A considerable number advanced in years have come under deep impressions, and are, we hope, trusting in Christ; but the great body of those who have been awakened consists of young men and women, many of whom speak of having received their first impressions at their minister's Bible class. The earnestness and zeal of many of these young people for the salvation of their companions is very touching. Again and again have they come to me bringing one or more of their friends who were in anxiety, and in not a few cases have they seen cause to rejoice in their salvation.
We are, I believe, seeing only the first fruits of what promises to be a great harvest of souls. There is much that I would like to tell in proof of this; but a paper dealing with such delicate matters must be written in the quiet of the study, instead of the bustle of the Assembly meetings.
"Times of Blessing," June 4th, 1874.
We had another most interesting meeting in Newton Free Church on Friday evening addressed by Rev. Mr Talon from Edinburgh, and one of the Edinburgh young men. There was a very deep feeling in the meeting and a large number remained behind. On Saturday evening, Sheriff Campbell and two of the Edinburgh deputies met a large gathering of the Academy pupils. This was found to be so profitable and encouraging, that it is proposed to carry it on regularly. James Balfour, Esq., is to conduct the meeting this week. There is no more significant feature of the present movement in the town than the hold the truth appears to have got on so many of the present and recent pupils of the Academy. The enthusiastic spirit of many of the young men who have recently got into a living relation with God gives a fine glow and reality to the work. It is easy to speak with such earnestness to back one, and the way they plead with and for their companions has more power than twenty meetings. There was a gathering of a large number of these young men in the Assembly Rooms on Sunday morning to meet the Edinburgh deputies. They have in view the organising of a Young Men's Christian Association.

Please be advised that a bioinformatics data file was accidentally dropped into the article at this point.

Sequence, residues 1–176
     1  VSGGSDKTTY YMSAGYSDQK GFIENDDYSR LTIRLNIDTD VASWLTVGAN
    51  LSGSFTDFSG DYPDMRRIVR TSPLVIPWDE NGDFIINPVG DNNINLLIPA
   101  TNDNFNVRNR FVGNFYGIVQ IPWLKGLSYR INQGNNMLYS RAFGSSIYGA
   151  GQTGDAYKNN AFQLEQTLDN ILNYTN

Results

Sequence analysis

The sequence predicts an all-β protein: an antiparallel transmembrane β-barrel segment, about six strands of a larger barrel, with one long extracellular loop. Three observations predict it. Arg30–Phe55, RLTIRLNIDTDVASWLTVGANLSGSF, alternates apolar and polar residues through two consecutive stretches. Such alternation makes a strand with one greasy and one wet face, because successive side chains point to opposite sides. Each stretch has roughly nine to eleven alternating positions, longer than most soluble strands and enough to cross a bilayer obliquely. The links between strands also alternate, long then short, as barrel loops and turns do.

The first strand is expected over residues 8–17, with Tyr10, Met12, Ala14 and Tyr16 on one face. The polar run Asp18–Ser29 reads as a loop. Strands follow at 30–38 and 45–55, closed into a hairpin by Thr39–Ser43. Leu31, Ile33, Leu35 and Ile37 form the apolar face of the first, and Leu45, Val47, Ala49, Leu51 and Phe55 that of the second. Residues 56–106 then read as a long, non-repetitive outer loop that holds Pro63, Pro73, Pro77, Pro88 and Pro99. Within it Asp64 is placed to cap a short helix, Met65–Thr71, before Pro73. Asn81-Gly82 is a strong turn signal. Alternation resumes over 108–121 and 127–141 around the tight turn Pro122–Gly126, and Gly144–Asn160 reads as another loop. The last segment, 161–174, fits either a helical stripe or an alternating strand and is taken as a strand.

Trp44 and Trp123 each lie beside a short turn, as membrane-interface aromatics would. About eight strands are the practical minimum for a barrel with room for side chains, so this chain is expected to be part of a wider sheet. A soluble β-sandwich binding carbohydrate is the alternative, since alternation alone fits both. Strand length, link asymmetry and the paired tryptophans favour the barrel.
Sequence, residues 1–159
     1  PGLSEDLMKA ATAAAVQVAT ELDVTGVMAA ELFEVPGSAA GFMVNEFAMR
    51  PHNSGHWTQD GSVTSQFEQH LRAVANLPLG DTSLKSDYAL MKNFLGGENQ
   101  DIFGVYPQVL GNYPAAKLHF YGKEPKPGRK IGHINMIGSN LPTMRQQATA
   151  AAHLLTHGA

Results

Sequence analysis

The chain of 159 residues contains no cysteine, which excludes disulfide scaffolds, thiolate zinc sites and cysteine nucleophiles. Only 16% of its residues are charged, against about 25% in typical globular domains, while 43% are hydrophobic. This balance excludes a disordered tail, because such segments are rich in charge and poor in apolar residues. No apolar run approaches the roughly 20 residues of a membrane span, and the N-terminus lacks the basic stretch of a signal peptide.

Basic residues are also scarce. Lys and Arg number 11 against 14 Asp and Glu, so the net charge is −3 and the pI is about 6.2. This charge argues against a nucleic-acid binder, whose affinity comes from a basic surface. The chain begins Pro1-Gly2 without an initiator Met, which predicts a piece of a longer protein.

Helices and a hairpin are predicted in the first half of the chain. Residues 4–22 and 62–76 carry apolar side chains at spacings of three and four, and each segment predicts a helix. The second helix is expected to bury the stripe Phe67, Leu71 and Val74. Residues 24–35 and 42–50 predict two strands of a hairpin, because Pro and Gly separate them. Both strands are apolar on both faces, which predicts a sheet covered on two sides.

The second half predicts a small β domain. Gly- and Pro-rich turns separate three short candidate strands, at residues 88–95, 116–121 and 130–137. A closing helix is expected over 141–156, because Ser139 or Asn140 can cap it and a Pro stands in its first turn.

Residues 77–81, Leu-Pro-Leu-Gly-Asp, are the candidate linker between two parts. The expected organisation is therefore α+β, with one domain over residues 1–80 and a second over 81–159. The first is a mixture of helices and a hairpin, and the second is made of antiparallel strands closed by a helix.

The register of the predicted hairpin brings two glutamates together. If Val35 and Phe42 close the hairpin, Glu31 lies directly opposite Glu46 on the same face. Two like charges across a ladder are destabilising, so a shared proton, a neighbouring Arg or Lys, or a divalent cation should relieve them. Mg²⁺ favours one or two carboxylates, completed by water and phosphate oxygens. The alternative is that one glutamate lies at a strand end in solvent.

Wallacetown Established Church was crowded in the evening to hear Sheriff Campbell and one of the Edinburgh deputies, and a large overflowing meeting almost filled the Free Church opposite (Rev. Mr Rowan's). The two Edinburgh men spoke there in succession. There was a good after-meeting. On Monday, a monthly prayer meeting, which has been kept up ever since the Iast revival, sometimes with a very small attendance, met in Newton Free Church. All who had got good recently, and any who were anxiously seeking the truth, were invited to come. There were upwards of 300 present. Could this meeting be kept up every week for the next few months on the same footing, nothing would contribute more to give the present lively impression strength and permanence. The writer has seen a good deal of the work in other places, but nowhere has he seen it marked by more simplicity and genuineness than at Ayr.
"Times of Blessing," June 18th, 1874.
This is approximately where the church was.